The 10 year US Treasury note traded below 4% last week. At the same time short term yields dropped like a stone as the interest rate markets reassessed Federal Reserve tightening expectations in the wake of the damage and destruction caused by Hurricane Katrina. The economic data released last week was collected before Katrina hit and it will take weeks if not months before the true impact of the storm will be properly understood. What we do know already is that the bill is already in excess of $100 billion. Last week Master Al, ruler of the Federal Reserve Empire, has come out and openly stated that he is targeting asset prices. Now he is caught between a rock and a hard place: does he continue to tighten and face an increased risk of recession or does he stop tightening and try to further inflate the housing bubble in order to get the economy over the risks created by the massive destruction of wealth in the aftermath of the hurricane? So far the market is telling us that the Fed will throw in the towel on tightening sooner than later. Master Al and his lieutenants have not given any indication as yet as to what course of action they plan to take next. Stay tuned for hints from Fed speakers this week. I believe the short term maturity (bonds and bills with maturity of less that 2 years) are expensive at this point.
NOTEWORTHY: The economic data was mixed at best last week. The consumer is losing confidence but continues to spend beyond its means. The Savings Rate has hit a new low of -0.6% - the lowest reading since the Great Depression. The ISM survey dropped 3 points to 53.6, also indicating that the economy is losing momentum. Non-farm Payrolls were up slightly more than the 190k expectations after the revisions were factored in. The meaningless Unemployment Rate has dropped below 5%. The upcoming week's schedule will have mostly second tier data. I am looking for the confidence surveys to continue sliding and perhaps accelerate to the downside. On Wednesday the Bank of Canada is expected to raise rates 25 basis points to 2.75% and on Friday we get the Canadian Employment Report.
INFLUENCES: The talking heads on Wall Street are still scratching their heads about declining yields; the latest Treasury market surveys are still predominantly bearish. The 'smart money' commercials are still slightly positive on the 10 year note futures, their long positions decreased from 126k to 89k this past week. This number is neutral for bonds. Seasonals are quite positive right through to the end of September. Bonds continue to trade well. 4% is resistance for 10 year notes; I expect this level to eventually give way.
RATES: US Long Bond futures closed at 117-23, up a dollar and change this past week as we switch to the December contract, while the yield on the US 10-year note decreased 16 basis points to 4.03%. The Canada - US 10 year spread was in 4 to -30 basis points. The belly of the Canadian curve underperformed the wings by 4 basis points last week. Selling Canada 3.25% 12/2006 and Canada 5.75% 6/2033 to buy Canada 5.25% 6/2012 was at a new multi-year low pick-up of 28 basis points. Assuming an unchanged curve, considering a 3-month time horizon, the total return (including roll-down) for the Canada bonds maturing in 2013 are the best value on the curve. In the long end, the Canada 8% bonds maturing on June 1, 2023 continue to be the cheapest issue on a relative basis. I have been an ongoing fan of curve flatteners as well as investing in the midterm maturity issues (a.k.a. the carry-in-the-belly) versus the long and short term maturity bonds. Both these trades have come a long way, and tend to overshoot a great deal. They have moved past their long term averages, but the trend seems to keep these dynamics in motion. While the yield curve flattening trade has been over-crowded for a while, the belly versus the wings trade is still far from popular. I am looking for these trends to stay in motion for the foreseeable future. The slight setbacks this past week have not changed my outlook on these dynamics.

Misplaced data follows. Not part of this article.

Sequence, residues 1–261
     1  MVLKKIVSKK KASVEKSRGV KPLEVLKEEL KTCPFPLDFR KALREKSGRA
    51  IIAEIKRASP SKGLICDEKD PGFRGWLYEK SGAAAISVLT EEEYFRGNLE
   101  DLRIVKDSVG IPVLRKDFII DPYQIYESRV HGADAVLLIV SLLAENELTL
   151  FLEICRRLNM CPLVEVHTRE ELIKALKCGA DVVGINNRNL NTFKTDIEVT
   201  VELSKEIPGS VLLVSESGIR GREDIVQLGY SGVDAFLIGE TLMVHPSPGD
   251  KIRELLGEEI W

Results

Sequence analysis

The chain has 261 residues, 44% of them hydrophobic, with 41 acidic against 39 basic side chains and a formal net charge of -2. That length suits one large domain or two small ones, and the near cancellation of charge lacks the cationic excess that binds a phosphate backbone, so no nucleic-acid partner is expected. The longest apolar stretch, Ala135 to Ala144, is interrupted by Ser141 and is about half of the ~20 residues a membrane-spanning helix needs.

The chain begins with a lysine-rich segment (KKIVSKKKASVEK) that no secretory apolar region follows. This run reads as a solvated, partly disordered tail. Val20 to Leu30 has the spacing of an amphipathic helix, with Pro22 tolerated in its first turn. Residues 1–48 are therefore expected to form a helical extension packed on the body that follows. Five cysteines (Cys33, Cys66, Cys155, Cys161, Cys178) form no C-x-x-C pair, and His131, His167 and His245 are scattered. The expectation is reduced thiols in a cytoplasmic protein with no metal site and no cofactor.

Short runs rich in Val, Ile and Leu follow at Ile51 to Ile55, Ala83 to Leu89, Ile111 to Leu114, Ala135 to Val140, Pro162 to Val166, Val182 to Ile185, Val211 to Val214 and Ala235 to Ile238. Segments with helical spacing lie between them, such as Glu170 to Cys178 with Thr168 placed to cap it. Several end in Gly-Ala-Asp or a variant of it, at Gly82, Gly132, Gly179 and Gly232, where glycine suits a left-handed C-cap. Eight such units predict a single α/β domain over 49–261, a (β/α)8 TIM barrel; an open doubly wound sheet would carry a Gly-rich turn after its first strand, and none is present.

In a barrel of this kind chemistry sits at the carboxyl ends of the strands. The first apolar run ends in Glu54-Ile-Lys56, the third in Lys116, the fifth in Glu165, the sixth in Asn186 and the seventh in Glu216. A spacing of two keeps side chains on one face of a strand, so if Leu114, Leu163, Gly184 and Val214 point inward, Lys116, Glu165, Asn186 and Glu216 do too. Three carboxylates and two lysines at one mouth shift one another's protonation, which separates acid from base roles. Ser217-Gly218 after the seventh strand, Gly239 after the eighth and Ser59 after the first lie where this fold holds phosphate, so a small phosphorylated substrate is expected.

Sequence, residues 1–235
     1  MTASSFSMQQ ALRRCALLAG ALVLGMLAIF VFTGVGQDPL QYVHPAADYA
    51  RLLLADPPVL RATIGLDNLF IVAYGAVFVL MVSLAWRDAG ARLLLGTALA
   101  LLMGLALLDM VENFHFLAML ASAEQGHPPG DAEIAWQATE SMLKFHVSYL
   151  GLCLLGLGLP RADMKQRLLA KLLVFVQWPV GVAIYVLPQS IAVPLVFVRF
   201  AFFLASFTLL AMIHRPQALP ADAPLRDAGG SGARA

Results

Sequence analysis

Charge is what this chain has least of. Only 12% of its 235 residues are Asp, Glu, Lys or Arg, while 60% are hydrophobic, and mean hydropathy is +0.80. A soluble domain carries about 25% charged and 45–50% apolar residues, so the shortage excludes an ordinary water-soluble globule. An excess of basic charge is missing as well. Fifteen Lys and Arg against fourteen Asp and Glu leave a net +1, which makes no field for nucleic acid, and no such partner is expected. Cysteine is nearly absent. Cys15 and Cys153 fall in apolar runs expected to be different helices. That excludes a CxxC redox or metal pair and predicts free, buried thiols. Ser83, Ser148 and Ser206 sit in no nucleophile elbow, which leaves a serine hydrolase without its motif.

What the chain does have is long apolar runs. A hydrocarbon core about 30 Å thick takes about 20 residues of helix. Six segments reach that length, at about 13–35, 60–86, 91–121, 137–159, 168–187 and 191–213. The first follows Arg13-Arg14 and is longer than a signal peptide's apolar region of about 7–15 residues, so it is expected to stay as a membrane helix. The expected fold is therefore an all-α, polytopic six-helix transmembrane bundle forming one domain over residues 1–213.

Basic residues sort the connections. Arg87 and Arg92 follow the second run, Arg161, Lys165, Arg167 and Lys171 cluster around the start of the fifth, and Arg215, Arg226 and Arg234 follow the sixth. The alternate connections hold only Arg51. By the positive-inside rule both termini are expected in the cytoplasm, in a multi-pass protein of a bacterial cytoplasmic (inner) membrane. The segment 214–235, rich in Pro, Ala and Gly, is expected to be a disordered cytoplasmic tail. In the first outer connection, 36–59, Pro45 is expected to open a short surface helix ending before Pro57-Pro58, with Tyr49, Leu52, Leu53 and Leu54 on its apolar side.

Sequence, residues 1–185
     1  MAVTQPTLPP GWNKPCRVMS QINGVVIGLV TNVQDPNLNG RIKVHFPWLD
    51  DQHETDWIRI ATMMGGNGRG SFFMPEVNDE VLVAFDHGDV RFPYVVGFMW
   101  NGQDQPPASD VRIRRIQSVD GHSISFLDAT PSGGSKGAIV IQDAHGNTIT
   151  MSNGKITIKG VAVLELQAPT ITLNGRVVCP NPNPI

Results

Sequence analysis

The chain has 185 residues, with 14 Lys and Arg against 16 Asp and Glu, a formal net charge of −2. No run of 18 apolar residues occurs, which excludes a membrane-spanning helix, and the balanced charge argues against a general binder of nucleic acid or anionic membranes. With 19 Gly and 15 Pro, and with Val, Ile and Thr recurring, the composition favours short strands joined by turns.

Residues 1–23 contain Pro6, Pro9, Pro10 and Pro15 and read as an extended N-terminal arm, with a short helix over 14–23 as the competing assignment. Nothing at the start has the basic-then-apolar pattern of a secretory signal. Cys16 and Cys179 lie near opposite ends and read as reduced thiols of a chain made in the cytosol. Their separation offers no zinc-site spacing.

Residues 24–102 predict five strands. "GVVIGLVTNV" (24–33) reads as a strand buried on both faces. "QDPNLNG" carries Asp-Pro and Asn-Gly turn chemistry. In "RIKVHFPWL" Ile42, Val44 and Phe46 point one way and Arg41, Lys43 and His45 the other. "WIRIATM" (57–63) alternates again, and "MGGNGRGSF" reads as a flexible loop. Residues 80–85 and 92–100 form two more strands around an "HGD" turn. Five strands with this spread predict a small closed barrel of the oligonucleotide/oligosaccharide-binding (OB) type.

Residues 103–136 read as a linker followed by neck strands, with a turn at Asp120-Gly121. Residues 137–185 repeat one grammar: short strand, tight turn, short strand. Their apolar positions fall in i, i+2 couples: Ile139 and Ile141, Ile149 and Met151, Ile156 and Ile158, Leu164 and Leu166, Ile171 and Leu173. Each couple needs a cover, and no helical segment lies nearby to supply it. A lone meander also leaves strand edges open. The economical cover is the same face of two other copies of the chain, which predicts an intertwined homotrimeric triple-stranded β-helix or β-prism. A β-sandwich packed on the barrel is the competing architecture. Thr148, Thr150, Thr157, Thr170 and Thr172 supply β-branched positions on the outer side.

CORPORATES: Canadian Corporate bond spreads were wider last week. Long TransCanada Pipeline bonds were out 4 bps to 116, while long Ontario bonds were .5 basis points wider at 46. A starter short in TRAPs was recommended at 102 in February 2004. Shorter maturity, quality corporates should be favoured over lower rated issues as I believe corporate spreads will continue to be under pressure. Any credit that is connected with the consumer and discretionary spending should be avoided. We advised to sell 10 year Canadian Bank sub-debt at a spread of 58 bps over the 10 year Canada bond a few weeks ago. This spread closed at 54 basis points on Friday - also 4 wider on the week.
BOTTOM LINE: We are sticking with our recommendation to stay long the bond market. If you were long for this move, you might consider taking some profits around 4% on the 10 year yield. We would by no means recommend short positions in the longer end (10 year + maturities) at this juncture. The sell Canada 10 year bonds to buy US 10 year notes at 46 bps or better trade is still pending, we will not chase it at this point. An overweight position in the belly of the curve is still recommended for Canadian accounts. Short exposure for the corporate sector is advised.